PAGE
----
Despite Sluggish Economy, Consumers are Willing to Spend More, According to Accenture Research
But Companies that Downplay Innovation in Favor of Cost Cutting Could Discourage Consumers from Buying
NEW YORK; Nov. 1, 2002 – Despite government reports indicating that U.S. and European consumers have trimmed their spending due to the weakened economy, new research from Accenture (NYSE: ACN) shows that consumers are willing to spend more on products and services, but only on those that are innovative and offer features meaningful to them.
The survey findings indicate that consumers are not opposed to spending money, even in a troubled economy. To the contrary, the Accenture research found significant latent consumer demand for products and services across all economic and geographic segments, a strong preference for quality over price, and a desire for a broader range of products and services from which to choose.
The research report, “Consumer Attitudes Toward Innovation,” is based on a survey conducted by Accenture’s Institute for Strategic Change of more than 3,500 consumers in the United States and key European markets.
According to the findings, the products and services that consumers would be most willing to spend more money on include automobiles, consumer goods, electronics, household appliances and entertainment, but only if those products offered features more meaningful to them, such as by improving their physical health and well-being or providing intellectual stimulation.
“Consumers aren’t buying—or aren’t buying more—because money in the bank is more attractive than the product and service alternatives companies are giving them,” said Brian Johnson, a partner in Accenture’s Strategy & Business Architecture group. “The race to win on price has left consumers indifferent and desperate for product and service innovations that provide practical benefits.”
Although survey participants indicated they would like to see more innovation from companies, nearly one-third of them said they believe that most products and services created today have nothing new about them. In addition, three-fourths of respondents said they expect little meaningful innovation in products and services in the next two years.
Among the specific findings:
- In the products category, consumers singled out the clothing/apparel, housing and home furnishings sectors for their lack of innovation.
- Consumers feel very strongly that there has been no innovation of value to them in service categories traditionally viewed as innovative, such as healthcare (63 percent of respondents) and entertainment (54 percent of respondents) over the past two years.
- Respondents were particularly critical of the lack of innovation in government, healthcare, investing and insurance, with more than 60 percent seeing no product or service innovation in these industries.
The survey findings also suggest that recent strategies focused on price innovations — targeting mass sales at the expense of margins — are becoming increasingly ineffective. Further, unstable consumer spending, fueled by deficit spending and low-interest financing, is placing long-term growth at risk.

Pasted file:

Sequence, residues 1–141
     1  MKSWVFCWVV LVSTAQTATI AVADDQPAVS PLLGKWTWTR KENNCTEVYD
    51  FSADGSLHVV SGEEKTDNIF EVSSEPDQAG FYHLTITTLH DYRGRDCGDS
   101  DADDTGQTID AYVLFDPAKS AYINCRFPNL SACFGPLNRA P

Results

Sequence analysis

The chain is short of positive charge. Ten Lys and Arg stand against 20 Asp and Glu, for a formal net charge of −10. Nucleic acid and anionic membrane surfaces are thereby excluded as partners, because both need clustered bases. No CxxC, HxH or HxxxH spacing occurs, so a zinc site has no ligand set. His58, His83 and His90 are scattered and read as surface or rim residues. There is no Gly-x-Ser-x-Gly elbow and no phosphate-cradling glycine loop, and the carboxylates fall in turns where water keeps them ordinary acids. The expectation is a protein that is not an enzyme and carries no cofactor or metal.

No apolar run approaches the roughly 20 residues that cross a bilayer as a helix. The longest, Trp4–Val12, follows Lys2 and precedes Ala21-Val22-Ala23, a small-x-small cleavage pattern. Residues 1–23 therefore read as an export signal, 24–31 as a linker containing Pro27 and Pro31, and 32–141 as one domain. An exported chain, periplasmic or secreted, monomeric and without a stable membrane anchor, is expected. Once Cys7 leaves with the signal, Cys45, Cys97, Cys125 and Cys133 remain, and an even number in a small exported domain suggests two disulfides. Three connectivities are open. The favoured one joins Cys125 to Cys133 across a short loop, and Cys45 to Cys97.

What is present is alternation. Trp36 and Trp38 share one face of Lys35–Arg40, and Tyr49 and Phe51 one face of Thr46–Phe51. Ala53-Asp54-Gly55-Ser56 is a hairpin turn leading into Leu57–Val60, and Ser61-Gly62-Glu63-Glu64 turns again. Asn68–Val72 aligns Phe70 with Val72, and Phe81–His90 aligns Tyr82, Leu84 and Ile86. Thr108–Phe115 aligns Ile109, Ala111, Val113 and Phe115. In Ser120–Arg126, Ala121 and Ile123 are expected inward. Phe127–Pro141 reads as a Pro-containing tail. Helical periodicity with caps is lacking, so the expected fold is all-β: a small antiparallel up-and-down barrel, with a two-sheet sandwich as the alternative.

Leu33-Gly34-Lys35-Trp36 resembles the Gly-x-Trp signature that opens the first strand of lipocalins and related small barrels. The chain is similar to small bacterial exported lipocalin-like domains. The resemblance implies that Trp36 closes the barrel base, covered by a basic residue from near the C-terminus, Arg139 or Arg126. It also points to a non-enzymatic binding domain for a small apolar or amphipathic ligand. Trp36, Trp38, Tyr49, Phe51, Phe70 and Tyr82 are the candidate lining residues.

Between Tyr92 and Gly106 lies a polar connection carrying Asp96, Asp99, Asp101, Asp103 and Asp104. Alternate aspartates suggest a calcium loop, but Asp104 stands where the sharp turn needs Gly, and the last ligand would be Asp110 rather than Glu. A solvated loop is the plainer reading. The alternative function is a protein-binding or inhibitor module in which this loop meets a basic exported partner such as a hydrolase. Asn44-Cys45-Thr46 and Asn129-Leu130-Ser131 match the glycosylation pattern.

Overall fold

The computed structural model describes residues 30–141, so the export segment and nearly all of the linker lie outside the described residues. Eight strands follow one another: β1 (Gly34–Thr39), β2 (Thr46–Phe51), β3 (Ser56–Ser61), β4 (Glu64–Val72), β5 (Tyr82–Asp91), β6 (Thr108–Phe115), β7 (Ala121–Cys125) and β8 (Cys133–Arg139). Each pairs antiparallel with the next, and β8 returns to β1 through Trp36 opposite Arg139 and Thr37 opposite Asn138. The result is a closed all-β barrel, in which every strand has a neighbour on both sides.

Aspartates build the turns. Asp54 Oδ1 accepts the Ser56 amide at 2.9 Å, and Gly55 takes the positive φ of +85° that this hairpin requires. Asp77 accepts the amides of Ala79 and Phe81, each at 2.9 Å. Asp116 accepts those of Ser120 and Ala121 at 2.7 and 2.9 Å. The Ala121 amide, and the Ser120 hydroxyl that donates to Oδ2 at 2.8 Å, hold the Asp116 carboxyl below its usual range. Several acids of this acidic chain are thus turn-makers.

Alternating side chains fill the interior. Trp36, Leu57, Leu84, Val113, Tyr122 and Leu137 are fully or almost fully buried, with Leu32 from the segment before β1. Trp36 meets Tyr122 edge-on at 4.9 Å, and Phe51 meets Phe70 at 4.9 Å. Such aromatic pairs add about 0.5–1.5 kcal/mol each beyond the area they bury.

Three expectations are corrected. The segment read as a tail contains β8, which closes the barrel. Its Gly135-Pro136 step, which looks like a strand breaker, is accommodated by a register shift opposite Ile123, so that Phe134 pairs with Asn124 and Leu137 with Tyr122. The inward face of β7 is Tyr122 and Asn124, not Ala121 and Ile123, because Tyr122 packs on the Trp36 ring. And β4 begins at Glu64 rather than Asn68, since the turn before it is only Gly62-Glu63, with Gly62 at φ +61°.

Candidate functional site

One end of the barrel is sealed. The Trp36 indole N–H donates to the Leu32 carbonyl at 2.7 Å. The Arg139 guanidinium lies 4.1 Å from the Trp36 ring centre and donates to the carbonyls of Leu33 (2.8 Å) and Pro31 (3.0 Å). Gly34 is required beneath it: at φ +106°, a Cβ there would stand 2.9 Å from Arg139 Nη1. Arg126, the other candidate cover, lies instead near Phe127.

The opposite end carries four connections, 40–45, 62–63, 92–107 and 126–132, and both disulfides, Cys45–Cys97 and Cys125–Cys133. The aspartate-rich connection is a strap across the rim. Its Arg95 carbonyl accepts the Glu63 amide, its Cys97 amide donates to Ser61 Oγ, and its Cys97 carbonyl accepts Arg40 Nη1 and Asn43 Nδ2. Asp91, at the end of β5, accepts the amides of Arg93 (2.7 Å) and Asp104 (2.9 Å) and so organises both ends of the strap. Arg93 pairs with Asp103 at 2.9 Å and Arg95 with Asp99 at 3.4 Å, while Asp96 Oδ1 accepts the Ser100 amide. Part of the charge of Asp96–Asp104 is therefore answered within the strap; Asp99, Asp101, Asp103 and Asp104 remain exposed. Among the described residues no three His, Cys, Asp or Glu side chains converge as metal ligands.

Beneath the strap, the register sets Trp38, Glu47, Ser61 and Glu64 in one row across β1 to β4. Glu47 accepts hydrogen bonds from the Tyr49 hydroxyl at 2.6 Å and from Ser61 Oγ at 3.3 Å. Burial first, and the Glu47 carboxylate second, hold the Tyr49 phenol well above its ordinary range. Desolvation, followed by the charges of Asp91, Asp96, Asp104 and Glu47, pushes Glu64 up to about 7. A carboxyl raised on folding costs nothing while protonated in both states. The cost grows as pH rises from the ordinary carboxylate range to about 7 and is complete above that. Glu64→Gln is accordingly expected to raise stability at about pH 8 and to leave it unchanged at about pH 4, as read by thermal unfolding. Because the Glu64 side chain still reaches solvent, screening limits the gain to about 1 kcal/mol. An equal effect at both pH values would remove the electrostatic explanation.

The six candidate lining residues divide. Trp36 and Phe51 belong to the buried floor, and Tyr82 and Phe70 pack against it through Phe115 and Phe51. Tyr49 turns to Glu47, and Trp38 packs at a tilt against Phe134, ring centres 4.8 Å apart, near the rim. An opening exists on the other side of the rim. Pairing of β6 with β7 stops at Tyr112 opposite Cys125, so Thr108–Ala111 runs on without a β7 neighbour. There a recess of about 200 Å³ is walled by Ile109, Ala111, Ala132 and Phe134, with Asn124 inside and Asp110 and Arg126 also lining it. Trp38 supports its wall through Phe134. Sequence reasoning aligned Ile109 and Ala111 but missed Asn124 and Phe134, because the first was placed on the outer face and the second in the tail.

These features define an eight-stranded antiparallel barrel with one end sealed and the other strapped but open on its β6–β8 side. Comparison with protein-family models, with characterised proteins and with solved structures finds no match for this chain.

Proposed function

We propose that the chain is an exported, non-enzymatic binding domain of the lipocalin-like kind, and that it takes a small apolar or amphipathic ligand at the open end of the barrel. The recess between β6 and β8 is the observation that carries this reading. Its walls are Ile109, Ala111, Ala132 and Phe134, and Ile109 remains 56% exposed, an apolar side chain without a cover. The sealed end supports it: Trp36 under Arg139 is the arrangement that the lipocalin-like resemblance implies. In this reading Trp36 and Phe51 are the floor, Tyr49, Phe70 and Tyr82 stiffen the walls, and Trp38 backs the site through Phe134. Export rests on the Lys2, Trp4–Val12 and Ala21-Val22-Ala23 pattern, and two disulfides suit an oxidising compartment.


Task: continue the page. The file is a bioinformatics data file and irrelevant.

Accenture’s research indicates that, to ensure long-term stability, companies should invest in market research and innovative products that provide meaningful benefits to their customers and drive them to part with their hard-earned cash. The research identifies three facets of innovation that strike a particular chord among consumers:
- Innovations in “entry-level luxury.” A large majority of all consumers surveyed would like to see more lower-priced offerings from luxury brands. Nearly 70 percent of respondents said they prefer to purchase one superior product rather than multiple lesser goods.
- Innovations in “life solutions.” Consumers believe there are many aspects of their lives that would benefit from better products and services, particularly two that relate directly to respondents’ quality of life: improving their physical health and sense of well-being, and helping them learn or providing intellectual stimulation.
- Innovations in customer interaction. The majority of respondents said they believe that companies in general, and retailers in particular, don’t care about them after they purchase a product or service. Yet, three-fourths of respondents said they think a lot about how long a product will last before they buy it —suggesting that most consumers plan to own a product for some time and expect it to perform as designed for the duration of its useful life. The confluence of these two findings presents a significant opportunity for companies to enhance their relationships with customers and make new offerings more meaningful to individuals by providing better (and, ideally, tailored) post-sale attention and product maintenance services.
The survey, conducted by Accenture’s Institute for Strategic Change in September 2002, entailed querying more than 3500 consumers across the U.S. and Europe (France, Germany, Spain and U.K.). The multiple-choice survey was conducted entirely online. For purposes of this survey, innovation was defined for respondents as, “Entirely new products and services, or substantial improvements to products and services, which make them more valuable to consumers.”
Accenture is the world’s leading management consulting and technology services organization. Through its network of businesses approach – in which the company enhances its consulting and outsourcing expertise through alliances, affiliated companies and other capabilities – Accenture delivers innovations that help clients across all industries quickly realize their visions. With more than 75,000 people in 47 countries, the company generated net revenues of $11.57 billion for the fiscal year ended August 31, 2002. Its home page is www.accenture.com.
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